Rapid Response:
Rapid response assemblies are provided on the site when there is an event in the news, good or bad, that touches children's lives, so we can offer you a way to acknowledge it in your collective worship.


By Ronni Lamont  


As with all rapid response assemblies, you might need to update this assembly prior to use.


Suitable for Whole School



A response to the exciting news that William and Kate are expecting a baby.

Preparation and resources
  • You might like to download pictures of the Duke and Duchess of Cambridge, see http://www.bbc.co.uk/news/uk-20586343.
  • You will need a leader and two readers: one to play a newspaper seller and one to play a customer.



Reader 1: Read all about it! Read all about it! Royal baby on the way! Royal baby expected!

Reader 2: Oh, how exciting! When is it due?

Reader 1: Well, we don’t know. Kate was taken into hospital on Monday the third with morning sickness, but no one is naming a date.

Reader 2: Morning sickness? What’s that?

Reader 1: What it sounds like, I guess – she’s being sick in the morning.

Leader: Morning sickness – have any of your mums had that?
(Take a show of hands.)
Yes, lots of women get what we call morning sickness when they are first expecting a baby. In fact, it sometimes tells the woman that she is expecting a baby! And it’s often first thing in the morning that she feels sick, and may be sick.

Reader 2: But why has she gone into hospital? If lots of women get it, it must be common. Most women don’t go into hospital when they’re first pregnant.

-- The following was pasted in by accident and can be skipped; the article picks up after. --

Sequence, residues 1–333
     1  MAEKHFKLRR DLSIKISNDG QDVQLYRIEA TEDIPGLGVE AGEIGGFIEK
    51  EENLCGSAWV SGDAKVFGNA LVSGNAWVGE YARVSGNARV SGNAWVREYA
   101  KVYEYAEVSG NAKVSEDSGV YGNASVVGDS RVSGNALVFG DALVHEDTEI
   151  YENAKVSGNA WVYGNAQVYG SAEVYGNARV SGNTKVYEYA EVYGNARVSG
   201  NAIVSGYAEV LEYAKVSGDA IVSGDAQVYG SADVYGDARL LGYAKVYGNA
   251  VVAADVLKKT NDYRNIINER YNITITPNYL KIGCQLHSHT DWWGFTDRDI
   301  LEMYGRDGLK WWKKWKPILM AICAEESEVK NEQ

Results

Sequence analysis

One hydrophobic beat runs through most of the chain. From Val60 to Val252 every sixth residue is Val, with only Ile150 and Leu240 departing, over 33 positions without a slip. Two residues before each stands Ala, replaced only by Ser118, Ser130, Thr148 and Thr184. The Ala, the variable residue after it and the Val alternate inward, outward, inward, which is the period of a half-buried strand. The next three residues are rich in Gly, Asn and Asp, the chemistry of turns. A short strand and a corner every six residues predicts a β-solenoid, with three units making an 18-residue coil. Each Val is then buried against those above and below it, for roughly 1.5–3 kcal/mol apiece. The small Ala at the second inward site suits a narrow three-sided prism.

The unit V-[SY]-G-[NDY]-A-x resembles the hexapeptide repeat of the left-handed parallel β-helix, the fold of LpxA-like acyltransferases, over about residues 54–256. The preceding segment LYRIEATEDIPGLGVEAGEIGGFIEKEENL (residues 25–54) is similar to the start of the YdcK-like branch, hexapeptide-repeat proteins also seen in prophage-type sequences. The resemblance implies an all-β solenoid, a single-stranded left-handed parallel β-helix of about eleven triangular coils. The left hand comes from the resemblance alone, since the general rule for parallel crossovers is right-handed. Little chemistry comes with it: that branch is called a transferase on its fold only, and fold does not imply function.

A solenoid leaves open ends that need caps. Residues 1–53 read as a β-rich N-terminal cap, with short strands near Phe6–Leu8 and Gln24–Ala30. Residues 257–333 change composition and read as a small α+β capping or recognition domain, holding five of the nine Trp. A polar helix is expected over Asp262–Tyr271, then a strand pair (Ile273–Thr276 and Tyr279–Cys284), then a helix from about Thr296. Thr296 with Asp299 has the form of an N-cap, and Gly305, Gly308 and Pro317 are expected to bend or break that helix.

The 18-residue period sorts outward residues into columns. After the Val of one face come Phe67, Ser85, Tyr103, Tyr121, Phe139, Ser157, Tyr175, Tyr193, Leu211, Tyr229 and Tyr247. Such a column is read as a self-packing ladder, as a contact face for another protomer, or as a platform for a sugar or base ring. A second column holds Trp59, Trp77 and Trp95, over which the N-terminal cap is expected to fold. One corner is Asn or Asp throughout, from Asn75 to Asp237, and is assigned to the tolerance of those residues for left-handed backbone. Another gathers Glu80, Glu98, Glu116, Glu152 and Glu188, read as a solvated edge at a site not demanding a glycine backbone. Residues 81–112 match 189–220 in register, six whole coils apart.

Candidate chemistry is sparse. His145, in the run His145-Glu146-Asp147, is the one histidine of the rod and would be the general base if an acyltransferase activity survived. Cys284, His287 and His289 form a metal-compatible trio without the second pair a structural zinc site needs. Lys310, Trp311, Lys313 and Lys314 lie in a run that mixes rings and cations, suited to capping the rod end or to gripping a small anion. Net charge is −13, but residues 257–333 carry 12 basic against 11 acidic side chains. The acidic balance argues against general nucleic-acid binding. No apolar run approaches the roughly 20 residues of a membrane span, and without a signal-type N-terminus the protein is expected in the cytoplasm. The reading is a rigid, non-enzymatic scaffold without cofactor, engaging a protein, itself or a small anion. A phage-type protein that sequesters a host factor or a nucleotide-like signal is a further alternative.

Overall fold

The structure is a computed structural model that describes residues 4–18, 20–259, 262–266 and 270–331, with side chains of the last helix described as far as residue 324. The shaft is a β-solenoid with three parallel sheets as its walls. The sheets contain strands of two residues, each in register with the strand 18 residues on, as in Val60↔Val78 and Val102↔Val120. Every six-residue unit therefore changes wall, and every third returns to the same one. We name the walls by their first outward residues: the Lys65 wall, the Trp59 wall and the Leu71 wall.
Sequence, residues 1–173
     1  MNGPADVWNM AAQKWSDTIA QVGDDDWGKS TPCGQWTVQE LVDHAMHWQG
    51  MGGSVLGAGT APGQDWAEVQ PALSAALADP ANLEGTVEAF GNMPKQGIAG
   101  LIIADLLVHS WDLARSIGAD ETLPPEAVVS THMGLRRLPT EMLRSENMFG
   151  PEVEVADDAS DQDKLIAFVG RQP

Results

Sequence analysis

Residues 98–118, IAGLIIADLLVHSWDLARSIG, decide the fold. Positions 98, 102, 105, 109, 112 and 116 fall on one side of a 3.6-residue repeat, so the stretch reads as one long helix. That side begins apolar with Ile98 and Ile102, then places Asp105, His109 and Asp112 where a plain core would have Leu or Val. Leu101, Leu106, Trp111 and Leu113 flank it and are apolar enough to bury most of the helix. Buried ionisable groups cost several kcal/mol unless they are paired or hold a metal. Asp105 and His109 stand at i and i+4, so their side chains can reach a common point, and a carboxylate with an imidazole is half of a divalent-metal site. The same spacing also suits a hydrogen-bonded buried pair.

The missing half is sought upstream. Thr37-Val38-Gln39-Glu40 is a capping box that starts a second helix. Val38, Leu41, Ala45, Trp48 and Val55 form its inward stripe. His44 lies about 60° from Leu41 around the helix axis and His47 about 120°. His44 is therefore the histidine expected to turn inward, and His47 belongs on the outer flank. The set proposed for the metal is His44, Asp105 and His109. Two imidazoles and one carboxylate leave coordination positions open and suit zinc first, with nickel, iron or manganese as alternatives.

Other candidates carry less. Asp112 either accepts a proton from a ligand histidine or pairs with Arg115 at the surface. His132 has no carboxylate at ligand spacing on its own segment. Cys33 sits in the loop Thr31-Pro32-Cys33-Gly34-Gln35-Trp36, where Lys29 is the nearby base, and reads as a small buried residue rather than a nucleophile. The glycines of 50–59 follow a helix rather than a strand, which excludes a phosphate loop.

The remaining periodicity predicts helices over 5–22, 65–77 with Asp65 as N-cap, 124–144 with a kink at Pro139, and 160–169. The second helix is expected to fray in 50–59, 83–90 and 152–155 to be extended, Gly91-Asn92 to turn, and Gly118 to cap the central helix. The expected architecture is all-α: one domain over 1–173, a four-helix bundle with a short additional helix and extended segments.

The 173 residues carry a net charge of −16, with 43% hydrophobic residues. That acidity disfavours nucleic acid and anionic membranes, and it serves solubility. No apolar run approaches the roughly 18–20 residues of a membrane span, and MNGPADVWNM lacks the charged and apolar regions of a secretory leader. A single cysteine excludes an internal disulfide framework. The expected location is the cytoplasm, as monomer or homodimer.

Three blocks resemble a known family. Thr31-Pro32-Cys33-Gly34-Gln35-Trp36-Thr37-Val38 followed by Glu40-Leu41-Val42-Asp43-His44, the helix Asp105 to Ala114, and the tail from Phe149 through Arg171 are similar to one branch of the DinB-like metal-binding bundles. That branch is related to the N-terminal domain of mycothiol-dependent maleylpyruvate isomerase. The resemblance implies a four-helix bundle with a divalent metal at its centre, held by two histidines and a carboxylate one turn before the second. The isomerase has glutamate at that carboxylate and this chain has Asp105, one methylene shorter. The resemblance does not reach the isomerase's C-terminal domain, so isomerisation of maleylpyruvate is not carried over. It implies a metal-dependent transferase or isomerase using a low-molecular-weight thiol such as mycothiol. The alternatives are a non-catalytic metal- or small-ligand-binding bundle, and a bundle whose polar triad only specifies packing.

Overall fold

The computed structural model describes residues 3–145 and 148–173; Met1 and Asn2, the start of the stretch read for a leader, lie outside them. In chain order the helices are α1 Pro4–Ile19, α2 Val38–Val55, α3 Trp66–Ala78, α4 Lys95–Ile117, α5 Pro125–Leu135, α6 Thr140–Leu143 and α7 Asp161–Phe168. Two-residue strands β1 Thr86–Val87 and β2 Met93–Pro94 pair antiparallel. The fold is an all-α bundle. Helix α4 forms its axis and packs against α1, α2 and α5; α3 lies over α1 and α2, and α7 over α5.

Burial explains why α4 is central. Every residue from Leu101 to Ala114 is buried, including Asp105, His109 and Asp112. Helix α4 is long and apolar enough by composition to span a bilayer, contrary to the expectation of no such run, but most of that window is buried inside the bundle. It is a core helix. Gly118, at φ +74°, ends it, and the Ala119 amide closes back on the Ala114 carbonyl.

Leader: No, most women don’t go into hospital until they actually have the baby – it’s a normal process, having a baby, after all! It sounds as if Kate’s got really bad morning sickness, and is being sick a lot – and we all know how bad that makes you feel. If she’s being sick whenever she has something to eat or drink, then she could dehydrate – not have enough water in her system – and that can make you very ill. Kate will be attached to a drip, which puts fluids back into her body to stop that from happening. And because the fluid goes straight in, through a vein, it doesn’t make her sick. They might also give her some special drugs too, to help control the sickness.

Reader 1: So when will she be out of hospital?

Leader: We don’t know, but it’s not likely that they’ll keep her in hospital for long, just long enough to get her feeling better, then she can go home and put her feet up, and her body will do the rest. It does mean we won’t see her quite so often on the news and in the papers for a while. It takes nine months to grow a human baby, and Kate and William are probably not up to the three-month marker yet. She should start to feel better once she’s about three months pregnant. Sometimes women feel sick for the whole nine months, but that’s unusual. Let’s hope she’s feeling better soon, and that the baby – who is third in line to the throne and will one day be our king or queen – is well and healthy, tucked away inside Kate’s tummy.

Reader 2: So we’re expecting two babies – one for our royal family and the other is baby Jesus, coming at Christmas! What an amazing month this is proving to be!


Time for reflection

(Show the images of the Duke and Duchess of Cambridge.)

Let’s be quiet and thank God for the joy that babies bring to their mums and dads, grandparents, sisters and brothers.

So we think of the Queen, in her diamond jubilee year, and of how happy this news will have made her, too.

As we look forward to Christmas, and to the birth of the royal baby next summer, we say thank you for babies and the love and joy they bring.




‘The Virgin Mary had a baby boy’ (Come and Praise, 121)





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